Or take a much narrower instance: I think that, in general, if a given instance of speaking publically about sexual violence or gender oppression is attached to opportunities to make a living and/or build a career, cis men should be very hesitant about taking those opportunities. By definition, doing so introduces a logic other than political responsibility to the choice to speak. I'm not going to say they should never take them – though others would, and I wouldn't argue with them – but especially if there is even a hint that those opportunities and the attached resources could go to a woman, trans person, or nonbinary person who is doing this work, in most scenraios I can imagine the politically responsible thing for a cis man to do is to step back.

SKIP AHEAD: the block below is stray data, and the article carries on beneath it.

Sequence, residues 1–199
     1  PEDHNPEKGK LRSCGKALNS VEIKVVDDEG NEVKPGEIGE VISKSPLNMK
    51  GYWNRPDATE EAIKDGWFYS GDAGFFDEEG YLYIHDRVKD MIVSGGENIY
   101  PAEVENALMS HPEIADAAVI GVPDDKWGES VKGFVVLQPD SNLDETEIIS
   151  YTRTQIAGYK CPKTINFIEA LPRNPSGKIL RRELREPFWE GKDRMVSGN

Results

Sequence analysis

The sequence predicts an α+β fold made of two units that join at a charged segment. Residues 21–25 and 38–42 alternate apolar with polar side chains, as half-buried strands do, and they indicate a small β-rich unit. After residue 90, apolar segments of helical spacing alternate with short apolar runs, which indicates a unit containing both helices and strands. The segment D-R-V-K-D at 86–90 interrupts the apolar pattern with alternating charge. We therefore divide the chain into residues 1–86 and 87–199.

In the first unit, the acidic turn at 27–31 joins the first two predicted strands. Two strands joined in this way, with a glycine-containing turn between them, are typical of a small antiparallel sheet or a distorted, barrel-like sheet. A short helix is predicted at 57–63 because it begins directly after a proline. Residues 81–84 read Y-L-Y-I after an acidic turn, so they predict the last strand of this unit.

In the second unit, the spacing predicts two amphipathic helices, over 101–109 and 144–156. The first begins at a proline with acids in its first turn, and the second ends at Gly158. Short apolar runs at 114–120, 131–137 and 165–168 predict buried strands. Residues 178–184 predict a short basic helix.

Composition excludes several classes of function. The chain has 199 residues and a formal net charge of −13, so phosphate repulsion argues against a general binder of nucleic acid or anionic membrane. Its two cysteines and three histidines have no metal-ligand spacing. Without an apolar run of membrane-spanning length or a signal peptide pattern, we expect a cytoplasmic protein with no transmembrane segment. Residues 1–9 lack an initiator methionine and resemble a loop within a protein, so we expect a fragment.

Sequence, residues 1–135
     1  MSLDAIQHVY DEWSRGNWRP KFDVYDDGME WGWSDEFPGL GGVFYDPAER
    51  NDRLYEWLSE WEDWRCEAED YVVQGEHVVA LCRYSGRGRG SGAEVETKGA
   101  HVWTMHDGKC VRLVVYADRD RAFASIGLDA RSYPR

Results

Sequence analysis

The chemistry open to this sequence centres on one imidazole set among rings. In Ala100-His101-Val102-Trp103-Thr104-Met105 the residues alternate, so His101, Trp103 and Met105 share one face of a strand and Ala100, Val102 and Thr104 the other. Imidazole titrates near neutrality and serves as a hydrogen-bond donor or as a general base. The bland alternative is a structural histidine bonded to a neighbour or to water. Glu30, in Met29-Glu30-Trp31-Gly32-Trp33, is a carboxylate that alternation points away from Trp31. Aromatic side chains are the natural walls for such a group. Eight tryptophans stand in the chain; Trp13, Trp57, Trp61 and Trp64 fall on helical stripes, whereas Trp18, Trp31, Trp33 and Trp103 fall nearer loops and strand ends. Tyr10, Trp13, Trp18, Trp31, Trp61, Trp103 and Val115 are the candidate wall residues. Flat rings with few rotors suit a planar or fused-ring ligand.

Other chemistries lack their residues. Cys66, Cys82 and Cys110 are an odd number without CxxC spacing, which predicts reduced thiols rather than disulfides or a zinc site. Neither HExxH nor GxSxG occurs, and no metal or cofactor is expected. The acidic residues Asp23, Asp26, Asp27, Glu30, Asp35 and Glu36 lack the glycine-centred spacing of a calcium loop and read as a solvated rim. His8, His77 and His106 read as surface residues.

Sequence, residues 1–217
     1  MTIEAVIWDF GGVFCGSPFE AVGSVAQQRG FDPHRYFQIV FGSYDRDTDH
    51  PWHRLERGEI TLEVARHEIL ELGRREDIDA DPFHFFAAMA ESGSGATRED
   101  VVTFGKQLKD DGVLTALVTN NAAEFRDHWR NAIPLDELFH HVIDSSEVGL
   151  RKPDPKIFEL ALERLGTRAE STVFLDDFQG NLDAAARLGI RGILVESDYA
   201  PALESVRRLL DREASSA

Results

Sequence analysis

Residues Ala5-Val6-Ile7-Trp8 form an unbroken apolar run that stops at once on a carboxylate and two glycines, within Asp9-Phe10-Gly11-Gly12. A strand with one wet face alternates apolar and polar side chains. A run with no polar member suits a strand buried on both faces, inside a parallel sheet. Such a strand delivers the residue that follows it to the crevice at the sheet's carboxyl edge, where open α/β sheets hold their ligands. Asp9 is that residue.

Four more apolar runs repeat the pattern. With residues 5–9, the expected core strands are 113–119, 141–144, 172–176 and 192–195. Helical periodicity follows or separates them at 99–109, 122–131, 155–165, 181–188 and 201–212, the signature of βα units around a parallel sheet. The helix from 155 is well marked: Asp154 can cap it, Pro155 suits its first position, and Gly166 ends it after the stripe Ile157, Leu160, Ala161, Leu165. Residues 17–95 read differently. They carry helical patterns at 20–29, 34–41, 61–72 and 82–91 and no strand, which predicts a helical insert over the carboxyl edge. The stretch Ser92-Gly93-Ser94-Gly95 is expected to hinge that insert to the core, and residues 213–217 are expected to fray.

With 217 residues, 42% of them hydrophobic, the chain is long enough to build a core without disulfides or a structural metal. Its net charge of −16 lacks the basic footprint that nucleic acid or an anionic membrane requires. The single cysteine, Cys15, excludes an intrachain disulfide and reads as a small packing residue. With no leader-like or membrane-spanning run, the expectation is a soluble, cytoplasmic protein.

As narrow as that instance is, though, it connects to something much more broadly relevant. One of the weird dynamics of how this plays out is that cis men get affirmation, recognition, and social reward for even minimal acts of public speech against sexual violence and gender oppression that is vastly greater than any affirmation, recognition, or rewards that women, trans people, and nonbinary people get. In fact, often we get applause for saying things that bring them nothing but scorn and abuse. Moreover, this easily crystallizes from a moment of excessive affirmation into a sort of personal branding as "a dude who gets it" or "one of the good ones." Now, this isn't entirely under the control of the cis dude in question, but nonetheless there is an obligation to refuse and disrupt this branding.